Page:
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Some of the world’s most troubling dilemmas have been tackled on this page in the 18 years Rogers has  been Rabbiting.

One of those issues was solved in 2015 when we finally clarified, for the benefit of the world, the correct protocol for use of a spork.

At the same time, we attempted to shed some decency on the dress standard of Donald Duck, who resolutely refuses to wear pants. Up until this time, the two subjects had not been connected, and probably still shouldn’t be.  

But as you know, logic has no place on page two of The Weekend Sun.

Now the spork/knork field has all been thrown into disarray with the development of yet another piece of hybrid cutlery:  The Splitter.

This device is made up of two components – a long spork and a spatula – that can join forces to become a set of tongs. They do so by way of a keyhole slot at the base of the spork’s handle that accommodates and locks a pin in place at the base of the spatula’s handle.

From there, the one-millimetre thick titanium material offers just the right amount of flex to get tonging. It’s being promoted by the company Full Windsor and is much more sophisticated than the spork.

As we discovered back in ’15, no-one has really ’fessed up to inventing the spork.

Was it accidental? Did a spoon maker go completely bonkers and put spikes on a spoon, or did a fork maker have a midlife crisis and inadvertently add a scoopy bit on the wrong piece of cutlery?

Perhaps the forklift from the fork factory collided with the spoon truck from the spoon factory (presumably at a fork in the road)?

Should the question mark be there, or after ‘factory’? And who decided it would be called a spork? Why wasn’t it a foon?

Our resident language geek tells us that words created from two are called portmanteau words. The original refers to a piece of baggage, with two compartments.

Blame the French. Well, according to Wikipedia (possibly a portmanteau word itself), sporks are also known as foons.

“Spork-like utensils, such as the terrapin fork or ice cream fork, have been manufactured since the late 19th Century; patents for spork-like designs date back to at least 1874, and the word ‘spork’ was registered as a trademark in the US and the UK decades later. They are used by fast food restaurants, schools, prisons, the military, backpackers and in airline meals.”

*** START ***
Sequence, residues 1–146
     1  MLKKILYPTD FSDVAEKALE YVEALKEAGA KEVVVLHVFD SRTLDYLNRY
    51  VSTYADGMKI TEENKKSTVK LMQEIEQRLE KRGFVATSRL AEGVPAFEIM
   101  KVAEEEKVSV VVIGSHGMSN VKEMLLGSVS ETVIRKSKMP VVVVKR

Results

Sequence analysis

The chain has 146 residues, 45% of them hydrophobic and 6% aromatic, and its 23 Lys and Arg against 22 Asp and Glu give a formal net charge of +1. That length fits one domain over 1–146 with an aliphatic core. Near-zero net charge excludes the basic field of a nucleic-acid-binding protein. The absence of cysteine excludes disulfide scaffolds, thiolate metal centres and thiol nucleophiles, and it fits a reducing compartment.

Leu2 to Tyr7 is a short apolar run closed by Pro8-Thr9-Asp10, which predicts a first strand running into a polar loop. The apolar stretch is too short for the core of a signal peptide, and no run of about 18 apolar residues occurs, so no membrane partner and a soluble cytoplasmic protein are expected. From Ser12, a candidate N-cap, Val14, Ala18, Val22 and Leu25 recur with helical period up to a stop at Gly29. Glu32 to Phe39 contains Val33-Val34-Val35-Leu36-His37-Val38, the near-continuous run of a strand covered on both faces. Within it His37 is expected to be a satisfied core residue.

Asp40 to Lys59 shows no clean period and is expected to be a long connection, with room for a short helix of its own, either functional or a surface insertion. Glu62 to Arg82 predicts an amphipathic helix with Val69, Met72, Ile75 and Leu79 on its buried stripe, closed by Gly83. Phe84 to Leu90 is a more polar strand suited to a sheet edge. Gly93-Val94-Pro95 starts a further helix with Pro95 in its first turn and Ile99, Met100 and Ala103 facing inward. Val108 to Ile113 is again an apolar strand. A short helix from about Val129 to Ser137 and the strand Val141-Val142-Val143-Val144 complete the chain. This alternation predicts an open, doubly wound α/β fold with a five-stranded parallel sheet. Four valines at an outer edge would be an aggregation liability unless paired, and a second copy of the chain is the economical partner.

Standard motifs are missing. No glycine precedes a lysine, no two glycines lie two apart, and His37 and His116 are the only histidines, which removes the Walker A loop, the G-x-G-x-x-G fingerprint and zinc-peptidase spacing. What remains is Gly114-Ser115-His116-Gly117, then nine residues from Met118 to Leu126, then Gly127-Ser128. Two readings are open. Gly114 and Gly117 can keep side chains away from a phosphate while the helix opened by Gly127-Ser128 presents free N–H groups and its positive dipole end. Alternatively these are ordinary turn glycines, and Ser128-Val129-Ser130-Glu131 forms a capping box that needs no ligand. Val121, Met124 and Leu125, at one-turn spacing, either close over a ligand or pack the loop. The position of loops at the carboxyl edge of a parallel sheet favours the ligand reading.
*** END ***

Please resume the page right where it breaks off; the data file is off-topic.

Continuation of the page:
We can probably thank Samuel W. Francis, who was issued a US patent in 1874. Harry L. McCoy also came up with a clever thing, a cutting spoon patented in 1908. Harry, as far as we know, didn’t come up with a catchy name though.

Some would say unless it’s a spork, it’s not the real McCoy. And then there’s a knork, which Mr Wiki says is a hybrid form of cutlery which combines the cutting capability of a knife and the spearing capability of a fork into a single utensil.

Roald Dahl writes that his father invented an early version of the knork as a result of losing an arm. Horatio Nelson, minus an arm, also used a fork with a cutting edge, known as a Nelson fork. I’ve seen some interesting knorks in my time, but none of them have been that pointy.

English boffins tell us the blended words are known as ‘portmanteau’ which is combining two words to make a new one.

I have no idea what portmanteau means  but you can blame Lewis Carroll, who first used it in that context.

Then we got smog - a combo of smoke and fog, in case you didn’t know. Followed by wurly, hair that is wavey and curly at the same time. Confused? Let me explain it over brunch. Then there’s a whole gaggle of company contrived labels. Such as Microsoft, and even the tradename Velcro - a combination of velour (velvet) and crochet (hook). A skort is a mash up of skirt and shorts. Probably still not acceptable to Donald. However, he should be concerned about ‘turkducken’, which was added to the Oxford Dictionary in 2010.

It’s a culinary masterpiece in which a chicken is inserted into a duck (take its pants off if necessary); and the duck into a turkey.

You’ll need a spork for that. Then someone, probably trying to cover their backside, coined the phrase ‘guesstimate’ and more recently our attempts to chill out and relax at the same time have resulted in a chillax. Even celebrities have jumped on the portmanteau wagon, with merged name combos that have given us the cringeful Brangelina, TomKat and Beniffer.

I guess it won’t be long before we see some new combinations, such as: Dexting = Driving and texting. Apologies to Dexter. Craptacular = Used to describe entertainment that is so gut-wrenchingly terrible, you can’t take your eyes off it. Please feel free to send in your ideas for new words.

We’ll publish them here first, so you’ll  be noted in the annals of history as the official inventor.

In the meantime, if I catch any of you dexting, I’m going to spork your eyes out.

Brian Rogers
Rogers Rabbits
www.sunlive.co.nz